If you’re not getting enough of either REM or non-REM sleep, you could wake up feeling like you hardly slept. This is very common in the early stages of addiction recovery. Luckily, there are strategies for improving your sleep, allowing you to get the rest you need.

Strategies for sleeping better

While sleep is essential in recovery, it’s also a very common time to experience sleep problems. If you’ve been trying to get the sleep you need, but you’re struggling to fall or stay asleep, try some of these strategies to improve your rest.

Stick to a schedule

Your body has an internal clock called the Circadian Rhythm. This clock keeps track of when it’s time to sleep each night. However, the clock only works if you go to sleep and wake up on a consistent schedule each day.

You’ll have an easier time falling asleep at night if your body knows when it’s time to become drowsy. You can teach your body when it’s time for sleep by setting a specific time for bed and sticking with it every night. A nighttime routine can make this easier.

Many people find journaling, reading a book, or taking a bath to be a good nighttime routine that signals to their body that it’s time to wind down. Any activity that relaxes you and prepares you for sleep can be a good routine.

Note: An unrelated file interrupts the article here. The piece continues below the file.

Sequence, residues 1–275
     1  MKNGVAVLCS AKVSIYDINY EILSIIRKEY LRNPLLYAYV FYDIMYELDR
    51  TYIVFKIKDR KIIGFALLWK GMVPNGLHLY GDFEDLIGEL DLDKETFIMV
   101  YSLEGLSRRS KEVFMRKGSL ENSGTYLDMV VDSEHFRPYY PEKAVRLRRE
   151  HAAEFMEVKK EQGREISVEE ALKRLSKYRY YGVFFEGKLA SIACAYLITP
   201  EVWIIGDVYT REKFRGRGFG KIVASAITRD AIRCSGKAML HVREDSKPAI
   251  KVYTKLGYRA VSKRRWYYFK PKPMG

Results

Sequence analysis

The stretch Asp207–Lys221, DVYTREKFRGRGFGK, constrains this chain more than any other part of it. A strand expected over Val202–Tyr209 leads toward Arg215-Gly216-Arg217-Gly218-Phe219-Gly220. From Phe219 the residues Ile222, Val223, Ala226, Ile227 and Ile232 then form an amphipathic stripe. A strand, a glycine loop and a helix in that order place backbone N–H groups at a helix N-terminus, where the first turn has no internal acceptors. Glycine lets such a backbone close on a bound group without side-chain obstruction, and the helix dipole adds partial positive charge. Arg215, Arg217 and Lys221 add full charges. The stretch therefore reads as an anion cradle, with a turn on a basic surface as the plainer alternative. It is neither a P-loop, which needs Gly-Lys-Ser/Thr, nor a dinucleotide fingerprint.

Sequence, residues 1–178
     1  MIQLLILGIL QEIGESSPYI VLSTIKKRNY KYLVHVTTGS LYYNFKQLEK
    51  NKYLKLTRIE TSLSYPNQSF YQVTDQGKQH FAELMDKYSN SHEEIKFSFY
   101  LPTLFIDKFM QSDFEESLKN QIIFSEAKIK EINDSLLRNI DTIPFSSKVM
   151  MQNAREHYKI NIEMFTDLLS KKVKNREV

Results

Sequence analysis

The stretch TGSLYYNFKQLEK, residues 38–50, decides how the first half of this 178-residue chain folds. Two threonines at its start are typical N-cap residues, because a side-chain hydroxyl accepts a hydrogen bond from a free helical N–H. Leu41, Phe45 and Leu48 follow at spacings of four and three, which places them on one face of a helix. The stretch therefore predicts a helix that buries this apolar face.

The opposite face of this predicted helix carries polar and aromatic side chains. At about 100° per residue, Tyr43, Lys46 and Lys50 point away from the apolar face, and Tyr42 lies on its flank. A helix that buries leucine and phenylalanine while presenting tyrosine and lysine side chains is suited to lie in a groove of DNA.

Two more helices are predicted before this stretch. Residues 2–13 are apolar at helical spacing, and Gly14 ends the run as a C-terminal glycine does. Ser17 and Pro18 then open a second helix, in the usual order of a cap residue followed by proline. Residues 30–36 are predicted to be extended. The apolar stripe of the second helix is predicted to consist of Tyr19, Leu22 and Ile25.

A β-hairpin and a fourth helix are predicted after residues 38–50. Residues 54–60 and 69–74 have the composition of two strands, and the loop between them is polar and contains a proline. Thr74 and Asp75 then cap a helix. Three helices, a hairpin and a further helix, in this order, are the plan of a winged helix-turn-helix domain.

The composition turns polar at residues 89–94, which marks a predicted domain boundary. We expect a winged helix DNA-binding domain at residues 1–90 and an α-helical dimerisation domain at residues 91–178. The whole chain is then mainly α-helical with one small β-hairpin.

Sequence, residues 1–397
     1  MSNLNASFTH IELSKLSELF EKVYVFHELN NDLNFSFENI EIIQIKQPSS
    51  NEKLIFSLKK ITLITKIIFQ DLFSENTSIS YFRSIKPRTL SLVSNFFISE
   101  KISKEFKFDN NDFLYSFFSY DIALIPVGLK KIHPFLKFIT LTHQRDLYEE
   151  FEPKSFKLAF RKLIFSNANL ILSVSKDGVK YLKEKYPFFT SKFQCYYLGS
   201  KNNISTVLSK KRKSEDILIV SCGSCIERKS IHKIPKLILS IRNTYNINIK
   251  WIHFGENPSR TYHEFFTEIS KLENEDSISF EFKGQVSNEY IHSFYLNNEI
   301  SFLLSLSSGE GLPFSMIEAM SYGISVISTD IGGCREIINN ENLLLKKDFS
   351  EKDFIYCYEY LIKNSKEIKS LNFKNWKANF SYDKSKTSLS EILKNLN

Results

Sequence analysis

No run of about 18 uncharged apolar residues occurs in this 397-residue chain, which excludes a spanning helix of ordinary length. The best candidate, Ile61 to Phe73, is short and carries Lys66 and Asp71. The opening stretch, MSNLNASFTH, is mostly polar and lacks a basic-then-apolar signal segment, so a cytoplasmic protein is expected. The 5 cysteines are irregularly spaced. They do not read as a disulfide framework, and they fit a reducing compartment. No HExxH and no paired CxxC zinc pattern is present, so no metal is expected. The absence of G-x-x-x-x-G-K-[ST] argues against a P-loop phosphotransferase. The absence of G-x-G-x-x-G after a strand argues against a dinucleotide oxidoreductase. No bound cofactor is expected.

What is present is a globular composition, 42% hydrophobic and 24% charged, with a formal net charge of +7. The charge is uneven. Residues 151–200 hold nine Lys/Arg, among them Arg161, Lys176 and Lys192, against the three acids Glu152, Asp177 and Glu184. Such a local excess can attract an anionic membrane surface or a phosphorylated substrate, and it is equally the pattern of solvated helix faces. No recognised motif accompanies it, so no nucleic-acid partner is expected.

Avoid Screens

The blue light that comes from electronic screens can upset your body’s Circadian Rhythm. The Circadian Rhythm is very affected by any type of light. When the sun goes down, your body begins preparing for sleep. However, if you’re using your phone, computer, or TV up until you go to bed, your body might not realize the sun has already gone down.

To ensure your Circadian Rhythm is functioning properly, avoid using electronics during the 2-3 hours leading up to bedtime.

If you must use screens before bed, try using blue light-blocking glasses. These glasses will help block the light from your electronics, allowing your body to prepare for bed properly.

Natural Supplements

In the early stages of addiction recovery, getting enough sleep can feel like an unreachable goal. If you’re still not sleeping well, even when sticking to a sleep schedule and avoiding light from electronics, natural sleep supplements can give you the extra help you need.

Melatonin and magnesium are known for their sleep-boosting qualities. Melatonin is a hormone that your body produces naturally. It is what makes you feel tired, however, if you aren’t feeling tired when it’s time to go to bed, you can boost the melatonin in your body by taking melatonin supplements.

Magnesium is a mineral found in foods like legumes, green vegetables, and whole grains. It can also be taken as a supplement to aid with sleep. Some studies have found magnesium to relax the muscles in the body and contribute to higher-quality sleep. A medical professional can give you a recommendation as to which supplements could help you improve your sleep.

If you’re struggling with an addiction, Jackson House can help you find the support you need to reach a full recovery. Reach out to discuss how to best move forward with treatment.